Sony has been working on a new smartwatch. The company has a nice stake in the smartphone space and does a good hardware business as a whole, but until recently appeared to be out of the smartwatch, and wearable space entirely. Until recently though, no one knew that the FES watch, which has been garnering a lot of attention from the crowdsourcing world – was actually a subdivision of Sony – even though its website describes itself as a “Startup project.” The “startup” collected donations from the public from a site called Makuake – which is a Japanese crowdfunding platform.
The project had raised 3.5 million yen from just over 150 supporters while the company’s original target was just 2 million yen. Speaking in comparison, which translates to roughly $30,000. Those who have made a donation have been guaranteed a watch by the second half of 2015. However, its design is modest, and the price is expected to be modest as well. The smartwatch won’t be anything like the Apple Watch or some of the other more advanced smartwatches on the market. There is no GPS system or heart-rate monitor.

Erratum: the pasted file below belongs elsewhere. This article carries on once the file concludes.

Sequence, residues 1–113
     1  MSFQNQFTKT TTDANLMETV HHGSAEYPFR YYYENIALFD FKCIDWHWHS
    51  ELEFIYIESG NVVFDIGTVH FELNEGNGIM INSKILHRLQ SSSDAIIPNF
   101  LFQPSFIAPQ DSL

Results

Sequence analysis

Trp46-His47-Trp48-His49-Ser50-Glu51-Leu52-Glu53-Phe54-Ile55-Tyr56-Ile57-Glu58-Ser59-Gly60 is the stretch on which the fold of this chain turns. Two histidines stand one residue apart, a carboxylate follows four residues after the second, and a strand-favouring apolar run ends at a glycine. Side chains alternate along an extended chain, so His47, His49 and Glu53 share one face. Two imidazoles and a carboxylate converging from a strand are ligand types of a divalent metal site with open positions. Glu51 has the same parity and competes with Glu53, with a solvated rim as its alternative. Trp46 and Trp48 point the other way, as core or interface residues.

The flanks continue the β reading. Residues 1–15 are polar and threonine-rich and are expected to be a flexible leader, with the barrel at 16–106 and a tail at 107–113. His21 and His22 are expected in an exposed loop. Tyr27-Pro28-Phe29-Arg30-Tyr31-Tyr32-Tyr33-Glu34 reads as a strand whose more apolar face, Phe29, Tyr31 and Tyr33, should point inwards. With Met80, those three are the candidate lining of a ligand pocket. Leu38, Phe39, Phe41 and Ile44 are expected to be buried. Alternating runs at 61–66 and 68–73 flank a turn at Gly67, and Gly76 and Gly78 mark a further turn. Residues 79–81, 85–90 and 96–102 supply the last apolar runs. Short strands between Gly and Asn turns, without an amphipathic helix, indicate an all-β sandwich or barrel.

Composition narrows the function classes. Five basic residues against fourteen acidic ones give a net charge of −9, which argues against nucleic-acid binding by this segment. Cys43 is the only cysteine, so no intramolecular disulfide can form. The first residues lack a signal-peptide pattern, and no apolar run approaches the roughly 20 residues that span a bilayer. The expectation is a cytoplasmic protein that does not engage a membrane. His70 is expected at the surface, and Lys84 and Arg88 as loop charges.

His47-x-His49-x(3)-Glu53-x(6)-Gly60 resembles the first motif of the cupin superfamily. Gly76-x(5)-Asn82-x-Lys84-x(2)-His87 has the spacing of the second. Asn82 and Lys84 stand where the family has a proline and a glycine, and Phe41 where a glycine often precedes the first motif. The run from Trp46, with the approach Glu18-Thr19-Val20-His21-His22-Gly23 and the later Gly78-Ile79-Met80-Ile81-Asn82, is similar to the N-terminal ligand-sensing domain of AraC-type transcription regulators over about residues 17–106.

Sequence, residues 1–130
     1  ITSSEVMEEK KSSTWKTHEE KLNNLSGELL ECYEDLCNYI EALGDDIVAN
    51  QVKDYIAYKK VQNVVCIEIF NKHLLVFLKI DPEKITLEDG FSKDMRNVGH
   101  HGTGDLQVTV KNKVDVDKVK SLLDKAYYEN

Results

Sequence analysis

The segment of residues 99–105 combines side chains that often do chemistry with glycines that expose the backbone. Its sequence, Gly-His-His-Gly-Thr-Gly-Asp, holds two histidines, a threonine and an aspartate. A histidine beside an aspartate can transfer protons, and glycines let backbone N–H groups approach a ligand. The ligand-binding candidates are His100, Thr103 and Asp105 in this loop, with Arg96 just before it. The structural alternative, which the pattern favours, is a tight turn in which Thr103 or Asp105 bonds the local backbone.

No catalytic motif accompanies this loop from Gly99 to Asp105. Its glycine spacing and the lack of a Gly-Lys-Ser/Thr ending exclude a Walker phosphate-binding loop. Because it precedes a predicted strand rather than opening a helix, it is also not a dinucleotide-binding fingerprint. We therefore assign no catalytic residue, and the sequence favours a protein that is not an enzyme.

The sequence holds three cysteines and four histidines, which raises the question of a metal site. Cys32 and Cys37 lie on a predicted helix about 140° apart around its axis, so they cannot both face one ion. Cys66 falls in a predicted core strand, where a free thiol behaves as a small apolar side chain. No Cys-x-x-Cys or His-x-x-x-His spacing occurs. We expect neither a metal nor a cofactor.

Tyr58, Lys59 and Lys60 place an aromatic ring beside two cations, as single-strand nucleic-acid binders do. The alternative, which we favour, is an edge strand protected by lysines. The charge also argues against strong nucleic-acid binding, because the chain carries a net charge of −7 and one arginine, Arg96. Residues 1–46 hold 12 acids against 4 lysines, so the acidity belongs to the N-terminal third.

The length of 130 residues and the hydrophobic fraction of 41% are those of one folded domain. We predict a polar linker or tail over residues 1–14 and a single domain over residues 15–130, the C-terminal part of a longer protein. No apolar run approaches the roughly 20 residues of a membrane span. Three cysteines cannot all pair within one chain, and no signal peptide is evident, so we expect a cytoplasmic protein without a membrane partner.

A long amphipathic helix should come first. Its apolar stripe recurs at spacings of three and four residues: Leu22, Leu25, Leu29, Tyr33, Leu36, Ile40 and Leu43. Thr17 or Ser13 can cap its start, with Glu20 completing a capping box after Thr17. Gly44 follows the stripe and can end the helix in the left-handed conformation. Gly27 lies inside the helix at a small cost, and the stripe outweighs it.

The design is circled around E-paper, which is flexible material that is commonly seen in e-readers. For a comparison, think about the look, design, and feel of a Kindle e-reader. It looks like a prototype compared to other devices, due to its lack of development. However, the e-paper build is something that could be used in future pieces of technology thanks to the fact that it requires so little power and energy to function. Many have said that one charge with this particular smartwatch could last as long as 60 days, which would loosely translate to two months. Compared to other wearables, some that require charging as often as every day or two, this would be a significant improvement if the user wasn’t looking for really advanced features.
Many have said that this might be the way to slowly gain a user base for wearables like this. In theory, this piece of technology could completely change the face of traditional technology as a whole – if it is successful. However, Sony’s reluctance to claim ownership of this device, in terms of development is something of a mystery.
The company has been under intense scrutiny for a lawsuit that the company is being forced to settle on which alleged that the company misled their customers with PlayStation Vita advertising, as well as a hack at Sony Pictures – which actually forced the staff at Sony Pictures to use pen and paper – temporarily.